The analysis of model results and shipping damage reports showed that the high ice deformation growth rate is related to the vessel damages in the Gulf of Finland (Fig. 10). An ice deformation growth rate over 0.004 m [day.sup.-1] occurred during 25% (28 days) of the winter season. Forty-nine ship damage events were registered in the examined period. Most of the damages (80%) took place in days when the average deformation rate exceeded 0.004 m [day.sup.-1]. The deformation growth rates were the highest for the winter on 15-18 January 2003, when the growth rate was up 0.018 m [day.sup.-1], and on 27-28 February 2003 when the rate was up to 0.016 m [day.sup.-1]. We note that eight accidents took place in the first period in four days and five accidents occurred in the second interval in two days when the ship hull was damaged by ice. In other periods ship damage events were not so frequent.


Openings in ice are common in the Gulf of Finland. An open water area can sometimes extend over several hundred kilometres. If a lead lies along the axis of the Gulf of Finland, navigation through the area is easier.

The predominant winds in the Gulf of Finland are from the SW (Soomere et al. 2008). A logical presumption would be that ice ridges occur mostly at the northern coast and wind generates openings in the south. The observations made in the winter of 2003 revealed the opposite.

Due to the shape of the gulf, the N and NW winds produce mostly openings elongated along the gulf axis. The N and S winds also create conditions for the formation of leads facilitating shipping through the Gulf of Finland. The S and SE winds create leads near the southern coast.

To investigate the occurrence of leads, we studied MODIS satellite images from the year 2003 (Fig. 11). Altogether 51 images were analysed (Table 2).

The distribution of images was uneven in winter 2003. On the days for which satellite data are missing the wind was 16 times from the SW and 12 times from the N. The modelling study (Parn & Haapala 2011) shows that SW winds create a few irregular unconnected open water areas which do not facilitate shipping when the Gulf of Finland is ice-covered.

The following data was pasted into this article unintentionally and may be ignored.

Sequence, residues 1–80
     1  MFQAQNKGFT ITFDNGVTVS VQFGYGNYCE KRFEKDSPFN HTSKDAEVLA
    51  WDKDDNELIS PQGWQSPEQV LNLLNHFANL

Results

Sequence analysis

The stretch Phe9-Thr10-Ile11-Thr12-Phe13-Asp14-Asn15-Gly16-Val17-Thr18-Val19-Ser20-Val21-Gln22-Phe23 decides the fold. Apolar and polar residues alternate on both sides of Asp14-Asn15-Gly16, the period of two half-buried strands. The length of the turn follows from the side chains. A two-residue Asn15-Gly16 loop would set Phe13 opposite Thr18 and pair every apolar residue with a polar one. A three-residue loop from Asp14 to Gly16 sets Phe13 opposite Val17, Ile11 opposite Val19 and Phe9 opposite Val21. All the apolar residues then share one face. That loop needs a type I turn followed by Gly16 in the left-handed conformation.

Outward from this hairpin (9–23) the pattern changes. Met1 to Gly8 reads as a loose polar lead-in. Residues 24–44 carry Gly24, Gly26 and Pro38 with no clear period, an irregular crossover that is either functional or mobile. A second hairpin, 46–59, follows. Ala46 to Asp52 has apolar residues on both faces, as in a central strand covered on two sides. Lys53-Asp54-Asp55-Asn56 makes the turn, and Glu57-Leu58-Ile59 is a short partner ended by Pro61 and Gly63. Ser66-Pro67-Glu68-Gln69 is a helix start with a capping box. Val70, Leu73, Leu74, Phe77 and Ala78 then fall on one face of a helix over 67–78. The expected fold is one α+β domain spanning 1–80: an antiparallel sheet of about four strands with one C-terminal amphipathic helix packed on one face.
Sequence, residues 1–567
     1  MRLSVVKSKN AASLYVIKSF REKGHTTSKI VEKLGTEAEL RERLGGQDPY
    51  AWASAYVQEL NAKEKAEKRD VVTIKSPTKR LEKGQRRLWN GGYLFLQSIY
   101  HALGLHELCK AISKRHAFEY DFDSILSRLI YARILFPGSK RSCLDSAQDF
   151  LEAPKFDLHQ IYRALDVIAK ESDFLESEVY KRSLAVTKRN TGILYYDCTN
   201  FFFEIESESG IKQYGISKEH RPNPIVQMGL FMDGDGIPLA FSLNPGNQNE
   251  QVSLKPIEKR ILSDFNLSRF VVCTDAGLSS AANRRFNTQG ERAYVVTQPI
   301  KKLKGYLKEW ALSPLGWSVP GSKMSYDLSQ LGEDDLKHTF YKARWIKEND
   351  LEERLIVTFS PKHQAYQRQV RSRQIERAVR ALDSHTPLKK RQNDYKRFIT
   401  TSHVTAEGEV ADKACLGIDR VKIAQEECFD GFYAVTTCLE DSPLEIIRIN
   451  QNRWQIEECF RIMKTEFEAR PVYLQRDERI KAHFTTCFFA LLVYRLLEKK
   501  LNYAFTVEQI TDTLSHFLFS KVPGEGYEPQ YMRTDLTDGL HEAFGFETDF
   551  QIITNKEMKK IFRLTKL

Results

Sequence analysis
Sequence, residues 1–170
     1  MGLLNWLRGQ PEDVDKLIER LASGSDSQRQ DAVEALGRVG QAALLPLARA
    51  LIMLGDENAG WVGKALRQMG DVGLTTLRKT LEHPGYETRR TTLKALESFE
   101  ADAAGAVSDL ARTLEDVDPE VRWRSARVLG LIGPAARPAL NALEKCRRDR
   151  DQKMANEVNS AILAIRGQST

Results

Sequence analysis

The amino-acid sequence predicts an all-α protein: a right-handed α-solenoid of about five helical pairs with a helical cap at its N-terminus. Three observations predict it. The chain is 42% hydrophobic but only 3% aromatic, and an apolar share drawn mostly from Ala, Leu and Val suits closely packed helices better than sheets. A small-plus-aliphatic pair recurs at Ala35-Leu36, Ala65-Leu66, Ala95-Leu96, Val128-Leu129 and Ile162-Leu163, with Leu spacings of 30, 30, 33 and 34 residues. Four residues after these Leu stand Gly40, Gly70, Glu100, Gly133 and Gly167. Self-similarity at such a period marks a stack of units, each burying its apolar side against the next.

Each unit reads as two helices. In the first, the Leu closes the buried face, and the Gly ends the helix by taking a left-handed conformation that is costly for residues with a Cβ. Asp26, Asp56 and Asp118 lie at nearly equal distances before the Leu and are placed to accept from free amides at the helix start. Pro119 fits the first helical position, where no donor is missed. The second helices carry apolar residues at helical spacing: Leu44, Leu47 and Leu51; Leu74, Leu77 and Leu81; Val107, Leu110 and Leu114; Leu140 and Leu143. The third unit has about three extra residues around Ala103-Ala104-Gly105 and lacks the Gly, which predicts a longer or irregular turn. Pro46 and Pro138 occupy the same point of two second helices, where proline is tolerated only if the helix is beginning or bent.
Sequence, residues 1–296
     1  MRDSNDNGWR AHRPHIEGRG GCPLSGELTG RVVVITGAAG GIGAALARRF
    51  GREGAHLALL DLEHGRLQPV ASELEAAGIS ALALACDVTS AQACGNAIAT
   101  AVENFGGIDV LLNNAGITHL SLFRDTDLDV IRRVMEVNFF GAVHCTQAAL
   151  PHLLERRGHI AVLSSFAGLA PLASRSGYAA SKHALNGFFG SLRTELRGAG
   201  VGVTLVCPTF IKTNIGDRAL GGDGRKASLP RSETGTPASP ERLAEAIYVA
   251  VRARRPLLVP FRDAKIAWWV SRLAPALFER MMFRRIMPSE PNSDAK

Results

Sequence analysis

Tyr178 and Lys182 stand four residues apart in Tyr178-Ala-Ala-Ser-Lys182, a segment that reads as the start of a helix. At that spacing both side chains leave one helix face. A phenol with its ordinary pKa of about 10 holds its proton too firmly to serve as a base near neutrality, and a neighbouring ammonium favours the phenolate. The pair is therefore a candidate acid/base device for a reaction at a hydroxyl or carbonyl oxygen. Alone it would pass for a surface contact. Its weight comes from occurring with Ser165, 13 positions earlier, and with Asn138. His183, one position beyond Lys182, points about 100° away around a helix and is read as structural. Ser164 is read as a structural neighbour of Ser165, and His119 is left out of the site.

The NW and N winds generate elongated leads that are wide enough for a vessel to navigate. Therefore on the days for which satellite data are missing the leads probably occurred mostly at the northern coast because SW winds do not generate elongated leads (Parn & Haapala 2011).

In total, 14 irregular openings were identified. Most of the leads (in 22 cases) emerged near the north coast and only two leads near the south coast.


The winter of 2002/2003 was average in the Baltic Sea but severe in the Gulf of Finland, judging from the extent of the ice cover. The season was exceptional the winter arrived earlier and lasted longer. In terms of ice conditions (ice thickness, concentration, formation of ridges and openings), it was a typical severe winter. The ice cover caused considerable damage to vessels navigating in the Gulf of Finland.

The high ice deformation rate is related to the vessel damages in the Gulf of Finland where 49 ship damages (Hanninen 2003) occurred during the winter season. On about 25% of the days during this period the ice deformation growth rate was between 0.004 and 0.027 m [day.sup.-1]. About 80% of the ship damages took place on days when the average deformed ice growth rate was over 0.004 m [day.sup.-1].

The analysis of relations between the wind direction, wind speed and deformed ice growth rate revealed that the strongest winds blew from the SW and NNE. The most intensive ridging events occurred during wind blowing from the E, SW and NW. The growth rate of deformed ice was less dependent on wind speed than wind direction. The mean concentration of deformed ice covered up to 12% of the area of the Gulf of Finland and 40% of the total ice area. The modelled largest fraction of deformed ice was located between 26.6-27.2[degrees]E and 27.5-28[degrees]E. Comparatively less deformed ice was produced at 25.5-26.5[degrees]E.